METHOD: Pour boiling water over the dried ingredients and soak them overnight. Drain, place in the largest saucepan you have and cover with stock. I would use water left over from boiling spuds, along with Maggi, Woh Hup and Knorr chicken powder (see previous column). Bring to the boil, add chopped vegetables and simmer. Meanwhile make the dumplings according to the instructions on the suet packet and leave to stand. When the broth is starting to disintegrate, place the dumplings on top and cook gently, covered, until they are massive and you can’t wait any longer to dig in.

By the way, thanks for your messages about last week’s suggestion to put salt on banana sandwiches. Reader Vernon Warner emailed with a controversial variation – Marmite and banana. I tried it and, hmmm, interesting. Think I’ll stick to the salt though.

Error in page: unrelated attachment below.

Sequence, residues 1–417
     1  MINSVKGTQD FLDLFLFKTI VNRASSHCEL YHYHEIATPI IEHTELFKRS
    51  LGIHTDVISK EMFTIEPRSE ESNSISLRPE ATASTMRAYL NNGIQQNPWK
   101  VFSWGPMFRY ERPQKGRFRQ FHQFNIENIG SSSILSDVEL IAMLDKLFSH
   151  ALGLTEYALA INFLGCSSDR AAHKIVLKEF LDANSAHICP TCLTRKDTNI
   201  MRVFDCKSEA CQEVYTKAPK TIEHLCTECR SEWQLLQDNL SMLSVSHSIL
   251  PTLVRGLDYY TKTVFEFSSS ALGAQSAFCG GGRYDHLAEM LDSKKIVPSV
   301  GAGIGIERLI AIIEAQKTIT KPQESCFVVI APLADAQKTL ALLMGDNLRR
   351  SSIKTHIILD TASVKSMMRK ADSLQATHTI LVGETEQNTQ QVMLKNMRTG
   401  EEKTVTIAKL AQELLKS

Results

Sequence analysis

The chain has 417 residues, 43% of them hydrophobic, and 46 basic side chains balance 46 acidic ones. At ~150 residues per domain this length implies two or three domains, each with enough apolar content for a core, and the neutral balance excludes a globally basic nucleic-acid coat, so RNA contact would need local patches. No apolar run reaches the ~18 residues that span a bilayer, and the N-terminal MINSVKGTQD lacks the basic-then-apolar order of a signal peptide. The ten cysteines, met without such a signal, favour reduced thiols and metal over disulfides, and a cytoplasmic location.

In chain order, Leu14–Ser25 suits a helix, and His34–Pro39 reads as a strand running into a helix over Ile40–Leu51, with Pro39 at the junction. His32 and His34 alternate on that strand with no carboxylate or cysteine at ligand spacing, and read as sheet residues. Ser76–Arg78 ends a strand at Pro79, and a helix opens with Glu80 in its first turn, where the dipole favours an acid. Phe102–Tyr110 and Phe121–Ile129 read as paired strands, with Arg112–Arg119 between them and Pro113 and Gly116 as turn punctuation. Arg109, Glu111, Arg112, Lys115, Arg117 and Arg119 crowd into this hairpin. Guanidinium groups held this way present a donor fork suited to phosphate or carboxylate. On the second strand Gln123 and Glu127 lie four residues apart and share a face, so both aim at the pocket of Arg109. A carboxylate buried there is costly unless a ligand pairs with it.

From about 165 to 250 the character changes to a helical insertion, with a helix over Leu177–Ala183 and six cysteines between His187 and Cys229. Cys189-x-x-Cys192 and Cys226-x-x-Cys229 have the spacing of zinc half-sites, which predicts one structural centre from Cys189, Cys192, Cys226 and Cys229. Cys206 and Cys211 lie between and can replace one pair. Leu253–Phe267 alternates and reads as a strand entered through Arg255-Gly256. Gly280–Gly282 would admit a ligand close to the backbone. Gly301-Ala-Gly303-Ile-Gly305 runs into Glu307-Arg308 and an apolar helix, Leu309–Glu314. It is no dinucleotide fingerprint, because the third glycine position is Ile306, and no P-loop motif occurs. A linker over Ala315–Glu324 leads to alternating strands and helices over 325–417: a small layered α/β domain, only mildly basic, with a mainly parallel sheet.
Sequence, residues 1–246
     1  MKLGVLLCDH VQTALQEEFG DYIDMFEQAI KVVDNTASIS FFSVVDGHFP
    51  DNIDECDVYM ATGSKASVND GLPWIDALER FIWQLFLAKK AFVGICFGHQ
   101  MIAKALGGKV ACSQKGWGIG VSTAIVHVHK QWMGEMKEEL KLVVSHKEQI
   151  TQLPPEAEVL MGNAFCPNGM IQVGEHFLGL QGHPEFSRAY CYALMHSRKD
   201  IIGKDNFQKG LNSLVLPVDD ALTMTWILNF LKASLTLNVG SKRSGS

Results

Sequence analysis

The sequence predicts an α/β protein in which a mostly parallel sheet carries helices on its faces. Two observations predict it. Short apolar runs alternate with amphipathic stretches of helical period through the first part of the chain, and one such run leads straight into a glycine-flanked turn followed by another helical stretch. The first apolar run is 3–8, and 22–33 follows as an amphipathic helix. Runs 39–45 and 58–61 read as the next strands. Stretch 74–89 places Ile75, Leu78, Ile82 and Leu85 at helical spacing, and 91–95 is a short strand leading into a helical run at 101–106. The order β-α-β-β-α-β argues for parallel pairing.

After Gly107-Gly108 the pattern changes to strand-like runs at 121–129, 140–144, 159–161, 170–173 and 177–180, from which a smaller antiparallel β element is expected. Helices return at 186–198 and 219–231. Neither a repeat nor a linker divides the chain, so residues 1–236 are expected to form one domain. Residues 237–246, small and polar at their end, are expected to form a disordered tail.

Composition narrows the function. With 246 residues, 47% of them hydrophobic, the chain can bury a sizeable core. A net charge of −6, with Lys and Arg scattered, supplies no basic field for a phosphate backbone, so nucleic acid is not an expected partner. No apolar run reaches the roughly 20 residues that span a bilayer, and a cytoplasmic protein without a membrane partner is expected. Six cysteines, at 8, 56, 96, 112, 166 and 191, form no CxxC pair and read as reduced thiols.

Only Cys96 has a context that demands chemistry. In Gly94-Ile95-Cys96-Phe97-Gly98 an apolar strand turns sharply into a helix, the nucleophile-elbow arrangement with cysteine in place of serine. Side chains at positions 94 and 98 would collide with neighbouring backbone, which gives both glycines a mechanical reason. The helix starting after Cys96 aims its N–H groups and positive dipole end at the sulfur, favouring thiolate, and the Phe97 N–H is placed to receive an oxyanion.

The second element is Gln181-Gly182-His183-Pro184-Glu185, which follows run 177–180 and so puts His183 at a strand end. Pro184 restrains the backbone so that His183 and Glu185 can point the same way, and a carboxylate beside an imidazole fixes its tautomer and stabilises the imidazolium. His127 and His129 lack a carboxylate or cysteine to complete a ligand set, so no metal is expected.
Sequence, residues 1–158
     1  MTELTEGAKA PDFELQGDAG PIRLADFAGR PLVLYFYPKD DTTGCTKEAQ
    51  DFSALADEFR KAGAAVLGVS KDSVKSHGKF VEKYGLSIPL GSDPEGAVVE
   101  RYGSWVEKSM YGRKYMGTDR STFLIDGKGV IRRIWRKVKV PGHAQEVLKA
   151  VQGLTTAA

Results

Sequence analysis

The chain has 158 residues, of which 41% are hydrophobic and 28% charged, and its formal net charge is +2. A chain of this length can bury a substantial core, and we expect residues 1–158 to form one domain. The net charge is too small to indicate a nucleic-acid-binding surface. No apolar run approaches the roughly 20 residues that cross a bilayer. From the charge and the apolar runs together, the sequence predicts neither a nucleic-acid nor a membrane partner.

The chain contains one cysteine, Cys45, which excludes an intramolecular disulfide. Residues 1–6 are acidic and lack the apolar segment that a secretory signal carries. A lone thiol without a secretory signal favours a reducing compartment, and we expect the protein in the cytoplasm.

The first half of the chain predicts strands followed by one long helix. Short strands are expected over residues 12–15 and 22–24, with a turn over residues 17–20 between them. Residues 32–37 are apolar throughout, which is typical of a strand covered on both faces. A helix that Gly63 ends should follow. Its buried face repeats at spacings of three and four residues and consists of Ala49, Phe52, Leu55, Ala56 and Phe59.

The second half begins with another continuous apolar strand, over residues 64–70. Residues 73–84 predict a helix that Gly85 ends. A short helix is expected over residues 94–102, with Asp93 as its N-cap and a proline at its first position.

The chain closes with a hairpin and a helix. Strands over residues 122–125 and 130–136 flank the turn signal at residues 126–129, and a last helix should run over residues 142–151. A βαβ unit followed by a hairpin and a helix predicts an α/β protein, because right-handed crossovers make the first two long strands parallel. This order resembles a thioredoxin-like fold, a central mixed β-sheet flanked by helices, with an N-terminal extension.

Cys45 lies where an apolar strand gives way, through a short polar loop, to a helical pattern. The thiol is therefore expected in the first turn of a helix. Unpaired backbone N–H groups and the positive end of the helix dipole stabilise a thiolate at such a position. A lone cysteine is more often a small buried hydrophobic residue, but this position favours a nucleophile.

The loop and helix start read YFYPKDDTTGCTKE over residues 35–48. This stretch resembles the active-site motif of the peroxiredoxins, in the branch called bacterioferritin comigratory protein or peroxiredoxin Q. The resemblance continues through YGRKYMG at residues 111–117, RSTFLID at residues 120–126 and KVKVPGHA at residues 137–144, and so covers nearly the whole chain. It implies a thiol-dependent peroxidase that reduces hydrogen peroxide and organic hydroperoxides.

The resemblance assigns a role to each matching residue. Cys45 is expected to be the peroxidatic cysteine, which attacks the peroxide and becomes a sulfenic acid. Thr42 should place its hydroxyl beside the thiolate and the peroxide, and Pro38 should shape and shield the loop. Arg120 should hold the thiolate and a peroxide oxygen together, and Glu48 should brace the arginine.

Top tracks

FOLLOWING my list of 100 favourite albums, hordes of readers (well, a couple) have asked me to name the tracks that mean the most to me. So here are the first few, not in any particular order.

Jimi Hendrix: Like a Rolling Stone. World’s greatest guitarist plays one of greatest songs by Bob Dylan, world’s greatest songwriter. Recorded at the 1967 Monterey Festival.

The Bunch: When Will I Be Loved?  The Bunch were a gang of English folk royalty who got together in 1971 to make Rock On, an album of pop and country cover versions. On this song, written by Phil Everly, Sandy Denny and Linda Peters (later Thompson) harmonise to delightful effect.

Ian Matthews: Biloxi. From his 1974 LP Some Days You Eat The Bear And Some Days The Bear Eats You. This excellent Jesse Winchester song is taken into the stratosphere by the lap steel guitar of David Lindley.

Jussi Björling and Robert Merrill: Pearl Fishers Duet.  You can keep your Nessun Dorma – I think the sound of these two geezers is almost unbearably beautiful and it always brings me to tears. My mum used to have this on a ten-inch LP and it was the only non-pop record I ever played as a child.

More to follow in coming weeks.

A PS from PG

‘Ahoy there, Stilton!’ I cried.

He spun round with a sort of guilty bound, like an adagio dancer surprised while watering the cat’s milk.

PG Wodehouse: Joy in the Morning